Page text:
Euthanasia. It’s a word that strikes fear in to every pet owner’s heart. At least once a week, a client will say to me “I’d love to have your job but I couldn’t deal with all the euthanasia’s”. After 5 years in this field of work, I can tell you it’s the most difficult part of my job, and yet, one of the kindest things we do here.
Last April, my aunt was in the hospital, dying of lung cancer. She was suffering. She had enough pain management drugs in her system to make a doctor cry. And still she suffered. I asked her once, at the start of her diagnosis, if she was afraid of dying. She said no, she was afraid of suffering. The day she passed away, they had just stopped her pacemaker (the only thing keeping her alive), and I sat at the foot of her bed and waited. I watched her writhe in agony. And we waited some more. And we watched some more. And we waited some more. The whole time, the only thing I could think, was “Why? Why can we help animals who are suffering and not help people?”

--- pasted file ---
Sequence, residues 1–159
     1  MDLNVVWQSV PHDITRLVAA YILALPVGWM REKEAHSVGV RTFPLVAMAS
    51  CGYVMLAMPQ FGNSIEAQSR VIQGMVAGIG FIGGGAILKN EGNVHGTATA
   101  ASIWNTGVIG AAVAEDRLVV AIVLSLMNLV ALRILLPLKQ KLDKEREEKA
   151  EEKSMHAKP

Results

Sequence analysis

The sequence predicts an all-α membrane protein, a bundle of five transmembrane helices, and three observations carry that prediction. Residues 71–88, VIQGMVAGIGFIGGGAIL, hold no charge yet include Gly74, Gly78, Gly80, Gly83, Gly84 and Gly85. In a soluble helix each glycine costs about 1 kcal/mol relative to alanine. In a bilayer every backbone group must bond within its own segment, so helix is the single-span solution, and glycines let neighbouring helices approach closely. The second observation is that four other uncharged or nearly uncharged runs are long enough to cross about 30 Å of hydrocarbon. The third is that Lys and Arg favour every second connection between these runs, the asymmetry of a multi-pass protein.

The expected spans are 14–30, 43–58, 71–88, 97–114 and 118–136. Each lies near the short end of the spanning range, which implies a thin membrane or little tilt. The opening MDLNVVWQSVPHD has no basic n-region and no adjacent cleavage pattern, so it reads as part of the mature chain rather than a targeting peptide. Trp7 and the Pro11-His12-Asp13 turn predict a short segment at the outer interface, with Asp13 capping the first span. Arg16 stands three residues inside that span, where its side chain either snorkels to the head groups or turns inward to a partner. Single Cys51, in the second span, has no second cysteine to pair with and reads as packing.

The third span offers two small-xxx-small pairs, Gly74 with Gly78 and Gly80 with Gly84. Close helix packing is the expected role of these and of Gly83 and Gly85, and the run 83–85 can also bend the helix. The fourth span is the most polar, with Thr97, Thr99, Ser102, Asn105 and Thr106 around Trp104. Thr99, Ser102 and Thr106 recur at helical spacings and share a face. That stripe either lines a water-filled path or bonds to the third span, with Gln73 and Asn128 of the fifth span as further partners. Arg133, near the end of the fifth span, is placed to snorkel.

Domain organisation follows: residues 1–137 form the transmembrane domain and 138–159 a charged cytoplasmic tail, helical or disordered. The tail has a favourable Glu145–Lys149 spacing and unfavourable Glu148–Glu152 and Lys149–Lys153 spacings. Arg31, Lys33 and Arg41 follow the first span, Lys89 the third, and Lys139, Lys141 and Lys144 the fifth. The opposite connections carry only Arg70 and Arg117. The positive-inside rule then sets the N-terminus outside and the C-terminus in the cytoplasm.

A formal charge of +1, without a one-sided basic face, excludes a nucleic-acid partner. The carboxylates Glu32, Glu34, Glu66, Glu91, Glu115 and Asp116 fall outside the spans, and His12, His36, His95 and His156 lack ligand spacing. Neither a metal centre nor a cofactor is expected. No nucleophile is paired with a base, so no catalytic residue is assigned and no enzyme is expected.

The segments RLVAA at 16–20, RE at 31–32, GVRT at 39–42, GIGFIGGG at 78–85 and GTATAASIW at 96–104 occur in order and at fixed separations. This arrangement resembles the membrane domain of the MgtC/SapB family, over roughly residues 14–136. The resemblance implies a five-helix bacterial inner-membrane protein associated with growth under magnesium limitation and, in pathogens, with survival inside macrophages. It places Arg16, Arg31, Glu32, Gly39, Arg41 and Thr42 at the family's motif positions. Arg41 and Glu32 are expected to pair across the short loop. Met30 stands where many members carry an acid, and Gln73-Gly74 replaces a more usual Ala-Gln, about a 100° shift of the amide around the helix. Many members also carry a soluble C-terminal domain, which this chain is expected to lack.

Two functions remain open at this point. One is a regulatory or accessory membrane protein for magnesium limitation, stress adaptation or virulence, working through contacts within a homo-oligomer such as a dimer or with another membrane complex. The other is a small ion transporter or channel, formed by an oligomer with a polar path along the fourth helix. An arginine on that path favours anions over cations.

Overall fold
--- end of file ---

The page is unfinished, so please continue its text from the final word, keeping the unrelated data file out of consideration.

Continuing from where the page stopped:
I still don’t have the answer for that question but every day I’m grateful that we can help suffering animals. Does that help me deal with an euthanasia better? Sometimes. Sometimes an animal comes in the door in so much pain, that while my heart breaks for the owner, I’m relieved for the animal. There are times when fate plays a nasty trick and we have to assist them in leaving this world too soon. Those days are much, much harder.
Some days, there are days we cry right there in the room with you, while you’re saying goodbye to your pet. There are days we walk in to another room and cry for you, for your pet, but, in the end, I wouldn’t change my job, the career I’ve chosen. All in all, at the end of each day, there’s a sigh of happiness for every animal we helped that day, whether the pet be at the beginning of life, the middle of life, or the end of life.